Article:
I love blogging.

I really do.

I’ve been an active participant in the online community for as long as I’ve been on the internet. Believe it or not, I began blogging before blog became a word. So yes, I have a deep connection to it.

My first time publishing online was a website dedicated to the legacy of Tupac Shakur. I launched that website in November 1996, two months after Pac’s passing.

I don’t remember the initial publishing platform I used, but I remember quickly switching over to GeoCities. This was a few years before Yahoo’s acquisition of the pioneering WYSIWYG editor.

There were dozens of 2pac fansites online at the time, but the one thing that put me in a league of my own was that I had a dot com!

Back then, dot com registration cost about $100 for two years. I was a kid without any money of my own though, so there was no way I’d be able to afford that. The one thing I always had though was the hustle to find a way.

I found a website offering dot com registration—free of charge—with the caveat, that it would place banner ads on my homepage (sidenote: the banner ads never loaded).

A few steps later, and lo-and-behold, young Mohit registered his very first domain + launched his first website: 2pacaveli.com.

Since then, my love affair with the online community—and my passion for web publishing—never waned. I’ve launched dozens of websites and email newsletters, using a multitude of platforms, through the years.

By no means is this intended to be an exhaustive list, but a few that come to mind at the moment are:

[website, year, platform(s)]

  • 2pacaveli.com, 1996, GeoCities
  • Wu-Tang fan site, 1997, GeoCities
  • Music magazine website, 1999, Custom using Macromedia Dreamweaver + Flash
  • Artist websites (for myself and others), 1999-2013, Custom using Dreamweaver + Flash
  • Various personal blogs, 1999-2018, Custom > Blogger.com > WordPress
  • 514HipHop.com, 2005, Email newsletter
  • Various tumblelogs/microblogs, 2006-2017, WP > Tumblr > Posterous > Tumblr
  • MakingTheMogul.com, 2008, WP
  • Various pseudonym blogs, 2012-2016, WP > Ghost > WP > Grid > WP

There are more, but this is the highlight reel. Notable to mention that being an avid experimenter and notorious early adopter, I’ve experimented with replicating the functionality of a blog on Facebook, Twitter, Instagram, and a few other social media platforms that came and went. Despite initial hesitation, I’ve even experimented with vlogging, podcasting, and audio-blogging.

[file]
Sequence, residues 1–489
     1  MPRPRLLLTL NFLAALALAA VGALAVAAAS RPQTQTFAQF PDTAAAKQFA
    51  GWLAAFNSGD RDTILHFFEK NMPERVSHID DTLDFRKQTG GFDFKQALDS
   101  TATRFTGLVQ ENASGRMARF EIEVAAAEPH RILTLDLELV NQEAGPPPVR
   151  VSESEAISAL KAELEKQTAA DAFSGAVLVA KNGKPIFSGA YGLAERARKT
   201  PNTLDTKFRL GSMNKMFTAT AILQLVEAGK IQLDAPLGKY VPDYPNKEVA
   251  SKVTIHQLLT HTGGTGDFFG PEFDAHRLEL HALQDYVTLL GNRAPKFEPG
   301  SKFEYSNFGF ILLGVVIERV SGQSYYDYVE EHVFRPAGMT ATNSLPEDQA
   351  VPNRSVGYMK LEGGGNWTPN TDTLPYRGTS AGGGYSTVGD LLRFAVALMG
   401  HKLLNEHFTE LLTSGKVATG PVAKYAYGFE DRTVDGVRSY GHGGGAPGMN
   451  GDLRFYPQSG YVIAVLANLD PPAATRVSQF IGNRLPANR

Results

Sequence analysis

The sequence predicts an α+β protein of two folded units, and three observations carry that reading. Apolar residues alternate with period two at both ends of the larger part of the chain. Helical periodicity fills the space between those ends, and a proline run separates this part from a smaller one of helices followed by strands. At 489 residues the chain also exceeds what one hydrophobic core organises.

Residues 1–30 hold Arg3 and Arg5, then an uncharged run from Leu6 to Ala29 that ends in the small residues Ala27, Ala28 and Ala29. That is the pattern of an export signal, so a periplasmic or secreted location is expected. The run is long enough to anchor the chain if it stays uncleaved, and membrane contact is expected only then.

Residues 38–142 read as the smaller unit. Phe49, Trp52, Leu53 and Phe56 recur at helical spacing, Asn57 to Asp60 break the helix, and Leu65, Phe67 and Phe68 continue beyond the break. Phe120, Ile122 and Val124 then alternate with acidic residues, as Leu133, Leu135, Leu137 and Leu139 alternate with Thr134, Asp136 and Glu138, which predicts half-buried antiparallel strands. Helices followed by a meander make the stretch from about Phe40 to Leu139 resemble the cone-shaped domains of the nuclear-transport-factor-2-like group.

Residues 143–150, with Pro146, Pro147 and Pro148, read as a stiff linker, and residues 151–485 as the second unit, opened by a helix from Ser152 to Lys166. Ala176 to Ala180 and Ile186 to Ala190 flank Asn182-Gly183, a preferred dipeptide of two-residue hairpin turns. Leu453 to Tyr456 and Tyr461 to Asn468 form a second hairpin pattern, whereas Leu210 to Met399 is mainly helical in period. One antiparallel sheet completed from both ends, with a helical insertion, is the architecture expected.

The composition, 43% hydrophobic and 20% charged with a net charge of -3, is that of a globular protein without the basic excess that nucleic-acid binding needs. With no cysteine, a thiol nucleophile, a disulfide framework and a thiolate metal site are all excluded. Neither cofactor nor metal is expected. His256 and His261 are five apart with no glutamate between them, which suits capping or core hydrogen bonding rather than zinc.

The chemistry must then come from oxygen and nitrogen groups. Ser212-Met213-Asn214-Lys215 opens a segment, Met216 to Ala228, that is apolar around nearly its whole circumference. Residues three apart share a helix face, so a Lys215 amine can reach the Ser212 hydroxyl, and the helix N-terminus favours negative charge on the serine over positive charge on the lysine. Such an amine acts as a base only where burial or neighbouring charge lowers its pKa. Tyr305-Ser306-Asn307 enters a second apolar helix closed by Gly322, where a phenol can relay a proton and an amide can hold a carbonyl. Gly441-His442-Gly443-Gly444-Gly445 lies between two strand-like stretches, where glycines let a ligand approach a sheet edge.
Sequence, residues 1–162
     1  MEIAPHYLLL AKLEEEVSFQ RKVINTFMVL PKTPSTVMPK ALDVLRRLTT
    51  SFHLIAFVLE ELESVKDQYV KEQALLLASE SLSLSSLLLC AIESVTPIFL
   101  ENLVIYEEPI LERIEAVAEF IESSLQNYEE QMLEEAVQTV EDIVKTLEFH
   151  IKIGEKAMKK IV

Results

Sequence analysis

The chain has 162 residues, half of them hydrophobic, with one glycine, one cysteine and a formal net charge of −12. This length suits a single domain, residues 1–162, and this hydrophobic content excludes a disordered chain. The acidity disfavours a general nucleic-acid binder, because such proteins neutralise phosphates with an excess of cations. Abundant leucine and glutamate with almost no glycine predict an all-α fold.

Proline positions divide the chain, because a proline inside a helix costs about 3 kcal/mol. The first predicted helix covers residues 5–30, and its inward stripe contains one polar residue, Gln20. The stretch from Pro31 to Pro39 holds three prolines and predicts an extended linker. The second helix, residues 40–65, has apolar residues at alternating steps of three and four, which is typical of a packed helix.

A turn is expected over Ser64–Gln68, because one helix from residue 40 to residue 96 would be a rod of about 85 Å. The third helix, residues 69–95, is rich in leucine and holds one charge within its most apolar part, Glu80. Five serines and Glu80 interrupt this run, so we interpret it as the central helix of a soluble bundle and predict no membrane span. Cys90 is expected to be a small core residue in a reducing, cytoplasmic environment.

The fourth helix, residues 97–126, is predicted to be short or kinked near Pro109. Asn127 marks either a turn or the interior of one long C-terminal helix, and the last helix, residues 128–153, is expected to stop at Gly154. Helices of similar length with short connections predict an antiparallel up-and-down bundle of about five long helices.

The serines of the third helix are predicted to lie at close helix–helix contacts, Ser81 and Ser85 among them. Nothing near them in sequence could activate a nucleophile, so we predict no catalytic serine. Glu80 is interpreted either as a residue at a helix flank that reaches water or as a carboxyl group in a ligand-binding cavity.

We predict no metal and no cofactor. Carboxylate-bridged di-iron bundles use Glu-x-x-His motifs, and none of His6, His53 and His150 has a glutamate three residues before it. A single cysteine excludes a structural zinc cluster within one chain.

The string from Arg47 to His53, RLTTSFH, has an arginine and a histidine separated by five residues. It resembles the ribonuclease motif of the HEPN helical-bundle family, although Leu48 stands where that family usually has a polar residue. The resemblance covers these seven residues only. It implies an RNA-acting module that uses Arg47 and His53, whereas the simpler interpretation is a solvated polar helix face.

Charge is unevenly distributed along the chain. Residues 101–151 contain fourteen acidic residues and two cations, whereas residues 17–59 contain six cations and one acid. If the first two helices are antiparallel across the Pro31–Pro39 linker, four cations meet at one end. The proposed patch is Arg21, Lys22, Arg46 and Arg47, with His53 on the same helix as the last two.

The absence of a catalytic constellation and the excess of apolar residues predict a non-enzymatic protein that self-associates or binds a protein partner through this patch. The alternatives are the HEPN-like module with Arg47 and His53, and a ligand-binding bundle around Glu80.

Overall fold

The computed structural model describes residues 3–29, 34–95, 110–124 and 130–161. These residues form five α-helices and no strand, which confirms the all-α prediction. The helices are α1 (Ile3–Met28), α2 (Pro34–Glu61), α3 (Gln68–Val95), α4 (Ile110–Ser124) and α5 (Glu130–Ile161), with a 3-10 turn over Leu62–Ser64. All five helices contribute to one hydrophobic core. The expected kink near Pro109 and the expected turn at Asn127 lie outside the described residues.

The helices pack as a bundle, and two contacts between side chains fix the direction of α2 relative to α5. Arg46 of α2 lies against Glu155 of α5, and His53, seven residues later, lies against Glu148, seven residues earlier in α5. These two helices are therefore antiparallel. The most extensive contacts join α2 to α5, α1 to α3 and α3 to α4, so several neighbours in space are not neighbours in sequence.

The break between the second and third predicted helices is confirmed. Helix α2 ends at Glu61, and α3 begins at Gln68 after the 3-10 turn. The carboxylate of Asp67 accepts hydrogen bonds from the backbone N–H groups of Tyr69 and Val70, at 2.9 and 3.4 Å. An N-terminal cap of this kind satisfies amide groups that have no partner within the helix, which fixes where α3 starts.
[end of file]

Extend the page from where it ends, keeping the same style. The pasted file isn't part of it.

I’ve been publishing as long as I’ve been online. The problem is, I got distracted for a while. Not because of the medium, but because I grew frustrated with the amount of noise that came as blogging became mainstream. I felt like most bloggers (including many of my peers, tbh) made blogging… corny. It had become overtaken with buzzy “personal brands”, vanity metrics, flame wars, and truthfully, uncontrollably inflated egos.

I chose to distance myself from everyone and everything in the blogging world as much as possible. I held on to this idea of what blogging was to me. The thing I enjoyed doing. And if my idea was no longer a part of what I believed blogging had evolved into, I didn’t want to be a part of it.

I didn’t realize it at the time, but I was making the same mistake I was hating on everyone else for. I allowed my vanity to overshadow my passion.

That was my misstep, but I don’t want to blog anonymously anymore. I enjoy this too much.

I started blogging as a kid in 1996 because I wanted to celebrate Tupac Amaru Shakur and offer a resource for others with common interests. Since then, every iteration of my blogging journey has been based on this core idea of sharing and community. That’s what blogging means to me.

Although I never stopped blogging, I’m choosing to stop posting anonymously through secret projects. Trends, metrics, and all else can take a back seat to my genuine love affair with blogging.

I’m blogging with no expectation other than outputting what I choose, when I choose, and how I choose. I’m blogging as myself: Mohit Arora.

Young me sat in front of my computer screen all night while my family slept, learning to build websites, learning to build community, and learning to put together graphics and write posts. It taught me that curiosity and passion will always lead to something great. It taught me to treat everything like a playground and experiment without expectation.

So, with all that said: welcome to my website.

It’s a playground here, but please, take off your shoes.